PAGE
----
The most important thing to do for any aspiring screenwriter is to first learn the basic techniques of screenwriting before sitting down to write one. I come across many hopeful writers who think that all it takes to write a script is a good story idea and a lot of explosive special effects. While a good story is important, with or without the special effects, writing that story using proper industry standards is equally important. (Please visit http://www.coverscript.com/education.html -- Tips for Screenwriters link for further information.)
There are specific techniques to the craft of screenwriting involving everything from act structure to proper screenplay format, which must be followed. It's difficult to write engaging characters, focused plots and entertaining screenplays without having a solid framework in which to bring it all to life.
Before any money is spent submitting your work to a screenwriting contest, it would behoove the writer to first educate himself in the "tools of the trade". There are many, many screenwriting books available as well as workshops and seminars, both online and in live classroom situations. My advice is to take advantage of them. Then, armed with the basics, write, write and then write some more.
Then before submitting your work to any screenplay competition have it copyrighted and WGA registered. (United States Copyright office: http://www.loc.gov/copyright. Writers Guild of America: http://www.wga.org.)
Advice and Suggestions
I am a judge for many contests and as such, have read thousands of TV scripts and screenplays. I can assure you that the winners are chosen because their screenplays or TV scripts contain great stories and are written to industry standards. Therefore, putting your best foot forward is a must. Below are some pointers to keep in mind before you submit your screenplay.
(1) Sci-fi special effects stories taking place on purple planets populated with giant, paisley-skinned, seven-armed, Plasmanian Wooglegorps who magically float through the air using anti-gravity belts or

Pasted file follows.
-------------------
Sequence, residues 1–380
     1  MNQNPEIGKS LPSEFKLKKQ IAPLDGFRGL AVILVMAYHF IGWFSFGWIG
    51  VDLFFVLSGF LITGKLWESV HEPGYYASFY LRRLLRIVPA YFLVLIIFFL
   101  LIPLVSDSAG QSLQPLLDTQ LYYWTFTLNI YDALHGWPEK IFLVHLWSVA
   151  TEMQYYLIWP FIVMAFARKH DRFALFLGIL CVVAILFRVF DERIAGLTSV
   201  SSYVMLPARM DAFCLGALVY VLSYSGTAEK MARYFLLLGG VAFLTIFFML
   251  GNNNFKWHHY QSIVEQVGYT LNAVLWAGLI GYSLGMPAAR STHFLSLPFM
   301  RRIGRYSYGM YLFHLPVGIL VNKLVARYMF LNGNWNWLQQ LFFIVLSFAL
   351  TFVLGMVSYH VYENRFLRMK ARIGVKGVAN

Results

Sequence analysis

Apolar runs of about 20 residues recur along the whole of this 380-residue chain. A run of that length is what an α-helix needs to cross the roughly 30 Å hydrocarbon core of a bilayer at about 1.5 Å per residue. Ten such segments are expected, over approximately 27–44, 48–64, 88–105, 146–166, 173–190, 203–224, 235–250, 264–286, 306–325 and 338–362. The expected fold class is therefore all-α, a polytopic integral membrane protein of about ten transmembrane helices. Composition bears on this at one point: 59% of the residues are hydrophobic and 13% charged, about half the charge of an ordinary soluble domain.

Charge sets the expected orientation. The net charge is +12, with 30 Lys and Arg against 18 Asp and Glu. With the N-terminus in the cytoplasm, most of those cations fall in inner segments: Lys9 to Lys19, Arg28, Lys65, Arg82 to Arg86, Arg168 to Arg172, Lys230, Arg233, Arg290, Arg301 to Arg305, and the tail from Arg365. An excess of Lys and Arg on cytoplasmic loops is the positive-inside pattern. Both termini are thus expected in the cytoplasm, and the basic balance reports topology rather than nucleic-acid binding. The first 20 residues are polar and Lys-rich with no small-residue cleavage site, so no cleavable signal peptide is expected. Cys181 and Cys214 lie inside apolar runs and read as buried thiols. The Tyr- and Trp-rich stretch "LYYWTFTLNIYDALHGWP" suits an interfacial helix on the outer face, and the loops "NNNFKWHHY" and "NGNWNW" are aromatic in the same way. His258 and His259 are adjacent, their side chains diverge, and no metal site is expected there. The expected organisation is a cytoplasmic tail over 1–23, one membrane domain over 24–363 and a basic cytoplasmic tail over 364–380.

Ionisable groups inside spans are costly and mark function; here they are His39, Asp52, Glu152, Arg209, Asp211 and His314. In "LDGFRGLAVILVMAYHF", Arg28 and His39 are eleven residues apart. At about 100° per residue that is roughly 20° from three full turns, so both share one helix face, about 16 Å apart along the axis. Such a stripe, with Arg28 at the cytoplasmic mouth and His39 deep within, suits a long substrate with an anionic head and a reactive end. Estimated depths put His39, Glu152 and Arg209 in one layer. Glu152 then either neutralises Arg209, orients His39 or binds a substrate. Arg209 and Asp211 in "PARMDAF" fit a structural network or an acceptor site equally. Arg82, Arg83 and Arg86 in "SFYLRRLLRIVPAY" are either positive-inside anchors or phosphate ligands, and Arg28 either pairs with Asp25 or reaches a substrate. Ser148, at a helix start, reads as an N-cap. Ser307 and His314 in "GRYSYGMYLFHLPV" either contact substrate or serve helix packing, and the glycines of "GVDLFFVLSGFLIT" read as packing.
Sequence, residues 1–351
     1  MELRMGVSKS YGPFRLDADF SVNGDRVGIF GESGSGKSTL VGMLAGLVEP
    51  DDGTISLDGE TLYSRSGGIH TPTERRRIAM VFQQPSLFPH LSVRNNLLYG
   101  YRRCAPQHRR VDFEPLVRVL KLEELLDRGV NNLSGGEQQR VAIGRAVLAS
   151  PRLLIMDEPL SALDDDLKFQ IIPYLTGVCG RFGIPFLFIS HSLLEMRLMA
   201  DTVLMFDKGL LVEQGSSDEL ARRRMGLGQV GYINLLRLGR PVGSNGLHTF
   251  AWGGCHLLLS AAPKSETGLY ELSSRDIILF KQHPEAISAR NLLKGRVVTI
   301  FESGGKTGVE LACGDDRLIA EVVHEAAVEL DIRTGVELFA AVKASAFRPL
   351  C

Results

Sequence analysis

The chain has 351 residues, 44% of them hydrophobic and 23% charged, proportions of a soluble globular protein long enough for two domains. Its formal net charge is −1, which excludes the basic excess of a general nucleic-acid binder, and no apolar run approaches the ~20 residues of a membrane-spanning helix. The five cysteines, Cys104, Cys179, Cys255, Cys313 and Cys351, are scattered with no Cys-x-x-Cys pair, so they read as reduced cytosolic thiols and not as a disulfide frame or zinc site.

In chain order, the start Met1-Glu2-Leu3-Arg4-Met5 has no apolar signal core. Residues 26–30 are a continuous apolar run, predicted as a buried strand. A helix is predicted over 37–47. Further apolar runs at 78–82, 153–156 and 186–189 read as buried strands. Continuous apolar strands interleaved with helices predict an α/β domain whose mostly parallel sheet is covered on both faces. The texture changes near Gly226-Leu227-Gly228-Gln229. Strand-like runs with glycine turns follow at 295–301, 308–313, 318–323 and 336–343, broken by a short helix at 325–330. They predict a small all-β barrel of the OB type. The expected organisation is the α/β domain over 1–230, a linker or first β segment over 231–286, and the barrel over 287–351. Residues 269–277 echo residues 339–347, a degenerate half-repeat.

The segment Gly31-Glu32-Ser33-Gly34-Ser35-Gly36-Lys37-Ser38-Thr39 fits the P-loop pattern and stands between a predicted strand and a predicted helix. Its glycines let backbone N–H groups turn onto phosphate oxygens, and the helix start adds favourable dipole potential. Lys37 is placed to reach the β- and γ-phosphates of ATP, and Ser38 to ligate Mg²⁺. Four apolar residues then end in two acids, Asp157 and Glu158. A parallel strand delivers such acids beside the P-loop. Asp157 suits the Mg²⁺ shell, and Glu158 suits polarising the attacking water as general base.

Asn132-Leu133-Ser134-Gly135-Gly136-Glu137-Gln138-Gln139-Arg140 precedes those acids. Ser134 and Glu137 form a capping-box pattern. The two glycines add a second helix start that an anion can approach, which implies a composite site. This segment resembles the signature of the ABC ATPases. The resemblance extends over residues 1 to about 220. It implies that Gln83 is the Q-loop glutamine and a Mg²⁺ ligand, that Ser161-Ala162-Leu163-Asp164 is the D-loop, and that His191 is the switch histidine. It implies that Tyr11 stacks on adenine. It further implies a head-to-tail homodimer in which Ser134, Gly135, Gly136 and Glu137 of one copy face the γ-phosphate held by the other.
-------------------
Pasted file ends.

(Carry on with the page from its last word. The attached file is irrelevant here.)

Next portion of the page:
(2) a 1920's Period Piece necessitating Model-T's, Zoot suits and flappers or
(3) an action/adventure story that has the bad guys blown to smithereens, along with their Lear jet, over the ocean, followed by a high-tech nuclear submarine underwater search and rescue mission while the oil slicked water burns out of control, may not be the best way to go.
Once you've gone through your screenplay and are satisfied with it, have it read by someone else. After all, your story is intended for a movie-going audience so honest opinions from friends and family members will give you a feel for that audience reaction.
Then do yourself a favor and have your screenplay read by an industry professional that has experience and good credentials in the area of script analysis. A writer can become too close to his work and not be able to "see the forest for the trees". It is to your advantage to have any possible format, story, character, dialogue and structure flaws found and corrected before it is submitted to a movie or TV script contest.
While there is never any guarantee your screenplay or TV script will be a winner, writing one to the best of your ability and which meets industry standards is a must, as the competition is fierce.
I wish you great success in your present and future story-telling adventures.
Email me at: firstname.lastname@example.org
Lynne Pembroke Coverscript.com Los Angeles, CA. 323-953-5921 email@example.com URL: http://www.coverscript.com
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Lynne Pembroke is a writer, poet, screenwriter and owner of Coverscript.com, with over 18 years of experience in screenwriting and screenplay analysis helping individual writers, screenwriting competitions, agents, studios, producers and script consulting companies. Services include screenplay, TV script and treatment analysis, ghostwriting, rewriting and adaptation of novel to screenplay. Visit http://www.coverscript.com for more details.
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